Turner and the Sea

National Maritime Museum, London

Written by:
Frances Wilson
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Given Britain’s fine maritime heritage, and the painter John Mallard William Turner’s unerring ability to capture the mercurial nature of the sea, it is perhaps surprising that there has never been a full-scale exhibition of his marine paintings before now, especially when one considers that his seascapes make up more than half of his output.

The task of mounting such an exhibition has fallen, appropriately, to the National Maritime Museum in Greenwich, and the extraordinary quality of the 120 works on display, drawn from some of the world’s most prestigious art galleries and collections, confirms Turner as the pre-eminent painter of water and demonstrate his extraordinary ability to represent, on canvas and on paper, the elemental and destructive power of the sea. Alongside works by Turner are sea paintings by other major British and European artists, such as Willem van de Velde, Thomas Gainsborough, Nicholas Pocock, John Constable, Francis Danby and Richard Sell Cotman which set Turner’s work in context while also demonstrating the influence he exerted on his fellow painters. Marine painting had a long and celebrated history, and the legacy of Dutch and French painters of this genre provided a benchmark against which Turner’s early artistic merits were judged. He studied the art of the past as far as possible and responded to it in new and unexpected ways, both in terms of technique and subject matter.

Right from the start of his career Turner was aware of the power of showmanship and as well as exhibiting at the Royal Academy of Art, he also built his own gallery, attached to his house in Harley Street, in which to display his works. His canvasses were impressive and often controversial, and he used his marine paintings to explore dramatic subjects and dynamic colours to attract the viewer’s attention. The works in the first room of the exhibition come from the early years of Turner’s career, as he was establishing his reputation, and depict a variety of maritime activities, from fisherman in squally weather to shipwrecks, sea voyages from Calais and the most famous work from this period, the atmospheric “Sun Rising Through Vapour” (1807). Already Turner’s fascination with the sea is evident in these works: frail wooden ships, their sails taught, are tossed on wind-whipped waves beneath dark, foam-flecked skies. There is social comment too in these works: “The Wreck of a Transport Ship” (c1810) is a reminder of the perilous sea voyages prisoners were forced to endure en route to Australia’s penal colonies.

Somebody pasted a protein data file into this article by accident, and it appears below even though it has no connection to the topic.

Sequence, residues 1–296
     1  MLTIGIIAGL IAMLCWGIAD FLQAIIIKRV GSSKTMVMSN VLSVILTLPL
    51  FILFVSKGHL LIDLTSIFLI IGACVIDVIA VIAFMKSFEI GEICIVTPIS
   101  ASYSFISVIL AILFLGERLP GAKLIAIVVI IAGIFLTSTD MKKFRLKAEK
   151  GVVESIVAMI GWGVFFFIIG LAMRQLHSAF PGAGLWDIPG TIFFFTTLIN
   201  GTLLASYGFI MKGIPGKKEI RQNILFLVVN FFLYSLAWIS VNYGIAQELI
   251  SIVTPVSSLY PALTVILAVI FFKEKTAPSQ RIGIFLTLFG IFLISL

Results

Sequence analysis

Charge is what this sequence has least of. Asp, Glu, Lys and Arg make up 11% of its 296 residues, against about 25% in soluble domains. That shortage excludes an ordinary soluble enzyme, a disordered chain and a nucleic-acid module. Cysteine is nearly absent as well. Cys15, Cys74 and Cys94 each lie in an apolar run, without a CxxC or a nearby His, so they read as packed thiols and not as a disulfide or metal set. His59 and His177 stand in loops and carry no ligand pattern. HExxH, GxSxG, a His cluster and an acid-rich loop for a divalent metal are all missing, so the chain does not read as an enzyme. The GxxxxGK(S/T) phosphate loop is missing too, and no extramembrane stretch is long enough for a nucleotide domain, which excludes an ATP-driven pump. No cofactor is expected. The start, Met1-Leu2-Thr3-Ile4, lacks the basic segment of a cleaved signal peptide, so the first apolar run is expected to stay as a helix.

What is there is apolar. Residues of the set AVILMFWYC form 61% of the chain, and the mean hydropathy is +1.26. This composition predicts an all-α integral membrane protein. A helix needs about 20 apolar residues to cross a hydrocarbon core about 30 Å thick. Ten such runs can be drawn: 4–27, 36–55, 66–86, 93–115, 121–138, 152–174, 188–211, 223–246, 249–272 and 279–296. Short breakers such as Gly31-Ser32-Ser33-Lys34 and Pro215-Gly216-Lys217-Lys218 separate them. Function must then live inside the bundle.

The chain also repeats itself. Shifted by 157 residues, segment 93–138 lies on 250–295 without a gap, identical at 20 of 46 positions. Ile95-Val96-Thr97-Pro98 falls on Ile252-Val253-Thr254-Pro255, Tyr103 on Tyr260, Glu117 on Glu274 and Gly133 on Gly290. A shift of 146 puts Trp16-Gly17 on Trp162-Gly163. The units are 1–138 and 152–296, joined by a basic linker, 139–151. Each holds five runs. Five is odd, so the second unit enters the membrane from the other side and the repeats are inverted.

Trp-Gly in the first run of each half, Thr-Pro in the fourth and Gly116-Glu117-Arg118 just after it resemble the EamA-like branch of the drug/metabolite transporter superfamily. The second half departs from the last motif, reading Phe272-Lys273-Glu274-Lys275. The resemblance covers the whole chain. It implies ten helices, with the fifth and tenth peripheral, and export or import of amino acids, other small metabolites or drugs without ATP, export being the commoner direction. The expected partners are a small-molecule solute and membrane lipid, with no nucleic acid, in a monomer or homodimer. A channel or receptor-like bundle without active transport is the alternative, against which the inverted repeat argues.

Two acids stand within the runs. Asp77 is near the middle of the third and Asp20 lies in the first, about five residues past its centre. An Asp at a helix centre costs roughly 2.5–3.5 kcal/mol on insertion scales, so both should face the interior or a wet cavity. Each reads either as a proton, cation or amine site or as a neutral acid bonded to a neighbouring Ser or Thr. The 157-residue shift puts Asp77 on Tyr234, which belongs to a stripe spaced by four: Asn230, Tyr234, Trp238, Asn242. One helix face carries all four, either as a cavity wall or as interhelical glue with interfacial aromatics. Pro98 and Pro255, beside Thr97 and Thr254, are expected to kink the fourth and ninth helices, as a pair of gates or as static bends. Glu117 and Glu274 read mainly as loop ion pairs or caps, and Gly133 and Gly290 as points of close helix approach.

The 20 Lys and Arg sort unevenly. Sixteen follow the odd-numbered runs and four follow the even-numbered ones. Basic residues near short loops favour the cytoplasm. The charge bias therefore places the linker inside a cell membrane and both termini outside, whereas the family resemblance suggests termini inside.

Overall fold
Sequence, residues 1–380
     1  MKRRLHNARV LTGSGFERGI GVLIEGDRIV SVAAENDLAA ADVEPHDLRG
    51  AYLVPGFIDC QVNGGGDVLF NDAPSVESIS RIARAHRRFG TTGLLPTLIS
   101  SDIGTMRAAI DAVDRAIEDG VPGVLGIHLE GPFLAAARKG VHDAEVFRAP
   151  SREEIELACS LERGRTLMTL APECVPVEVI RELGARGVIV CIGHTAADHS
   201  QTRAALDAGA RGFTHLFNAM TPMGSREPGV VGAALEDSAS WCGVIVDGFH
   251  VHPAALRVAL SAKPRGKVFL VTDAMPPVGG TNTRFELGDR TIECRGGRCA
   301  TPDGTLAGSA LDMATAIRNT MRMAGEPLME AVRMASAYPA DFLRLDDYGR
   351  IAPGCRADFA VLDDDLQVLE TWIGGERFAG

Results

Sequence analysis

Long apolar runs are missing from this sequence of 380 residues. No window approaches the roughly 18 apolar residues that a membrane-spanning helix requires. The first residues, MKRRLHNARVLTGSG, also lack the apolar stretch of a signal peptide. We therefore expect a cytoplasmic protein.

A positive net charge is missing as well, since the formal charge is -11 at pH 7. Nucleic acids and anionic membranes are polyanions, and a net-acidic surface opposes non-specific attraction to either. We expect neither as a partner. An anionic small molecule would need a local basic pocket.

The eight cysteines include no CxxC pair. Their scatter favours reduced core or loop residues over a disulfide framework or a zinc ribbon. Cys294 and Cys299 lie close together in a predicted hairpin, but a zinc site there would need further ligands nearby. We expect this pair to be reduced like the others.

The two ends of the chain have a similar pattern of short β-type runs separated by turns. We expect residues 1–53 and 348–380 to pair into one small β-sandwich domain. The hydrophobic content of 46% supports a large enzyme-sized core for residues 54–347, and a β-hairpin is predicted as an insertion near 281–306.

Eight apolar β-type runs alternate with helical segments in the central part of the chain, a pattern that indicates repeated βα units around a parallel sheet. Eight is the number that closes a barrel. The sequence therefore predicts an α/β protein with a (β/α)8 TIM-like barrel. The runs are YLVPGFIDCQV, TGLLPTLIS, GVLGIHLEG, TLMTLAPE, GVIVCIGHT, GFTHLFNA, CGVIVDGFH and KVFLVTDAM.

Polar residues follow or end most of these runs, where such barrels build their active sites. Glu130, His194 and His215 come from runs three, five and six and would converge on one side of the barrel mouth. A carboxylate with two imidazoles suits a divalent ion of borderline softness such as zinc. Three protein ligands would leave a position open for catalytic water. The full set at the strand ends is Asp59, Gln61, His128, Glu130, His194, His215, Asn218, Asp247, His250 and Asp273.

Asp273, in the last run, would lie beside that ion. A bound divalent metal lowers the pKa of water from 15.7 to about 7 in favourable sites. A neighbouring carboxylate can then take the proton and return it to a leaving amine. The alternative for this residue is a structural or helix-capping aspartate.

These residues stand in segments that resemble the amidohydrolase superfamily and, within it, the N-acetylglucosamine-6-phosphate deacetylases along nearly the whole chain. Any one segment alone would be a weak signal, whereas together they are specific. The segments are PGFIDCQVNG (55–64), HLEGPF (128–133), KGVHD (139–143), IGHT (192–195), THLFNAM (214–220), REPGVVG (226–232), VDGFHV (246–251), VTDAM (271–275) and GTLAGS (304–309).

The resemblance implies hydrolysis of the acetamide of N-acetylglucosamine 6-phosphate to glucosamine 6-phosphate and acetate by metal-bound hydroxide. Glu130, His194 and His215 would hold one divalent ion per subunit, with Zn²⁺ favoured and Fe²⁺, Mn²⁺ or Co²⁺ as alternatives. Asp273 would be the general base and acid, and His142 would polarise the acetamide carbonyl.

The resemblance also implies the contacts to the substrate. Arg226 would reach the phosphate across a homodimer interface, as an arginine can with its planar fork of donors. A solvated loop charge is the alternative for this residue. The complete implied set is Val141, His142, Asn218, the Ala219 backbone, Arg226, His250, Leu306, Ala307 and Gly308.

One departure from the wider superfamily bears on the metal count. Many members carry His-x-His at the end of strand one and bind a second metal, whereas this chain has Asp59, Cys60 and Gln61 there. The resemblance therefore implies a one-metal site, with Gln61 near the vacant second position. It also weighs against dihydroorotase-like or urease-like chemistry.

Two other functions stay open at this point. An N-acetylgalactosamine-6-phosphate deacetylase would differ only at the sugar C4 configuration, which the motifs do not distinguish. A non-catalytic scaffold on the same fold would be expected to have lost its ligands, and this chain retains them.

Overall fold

Turner was working at a time of huge political upheaval in Europe, resulting in a new war with France from 1793, which gave an added importance to the art of the sea for British artists and their audience. He painted naval vessels mustering for battle, or awaiting refitting in shipyards. Years after the battle, his “The Fighting Temeraire (1838) is a poignant depiction of one of the great gunships of the Battle of Trafalgar. Subtitled “tugged to her last Berth to be broken up”, the painting shows the Temeraire, old and broken yet still stately and beautiful, the smoking chimney of the tug-boat a reminder that, with the age of steam, a new era of shipping has been born. As if to confirm this, the setting sun provides a richly-hued elegy for the end of an extraordinary epoch in British Naval history.

At the heart of the exhibition is “The Battle of Trafalgar (1824), Turner’s largest and most theatrical marine painting and his only royal commission, which combines incidents from different times during the action of the battle. This is no sanitised representation of the events of 21st October 1805, but rather a naturalistic account: in the foreground, on the debris-strewn sea, British soldiers attempt to save friends and enemies from drowning, and the sea around them is stained dark with blood. The falling mast of “Victory” may symbolize Nelson who laying dying below decks.

Turner’s preoccupation with the sea continued throughout his life, and the later paintings in the exhibition show his experiments with colour and light, and his attempts to capture weather effects such as mists and storms, and the sun breaking through clouds. These are “impressionist” paintings, created years before the term was even coined: in them Turner evokes the coastal landscape and the sea itself with economy of palette and seemingly weightless paint effects. The watercolours at the end of the exhibition are expressive and atmospheric, while the sketchbooks, which Turner was rarely without on his travels, offer insights into his compositional impulses and a snapshot of the places he visited.

The exhibition, organized chronologically, has an open-plan layout, with clear labeling and brief introductions to each room. The paintings on show offer a very special celebration of Britain’s greatest marine painter, with unique insights into his creative life, and will delight lovers of art and the sea alike.

 This articles first appeared in OneStopArts.com.

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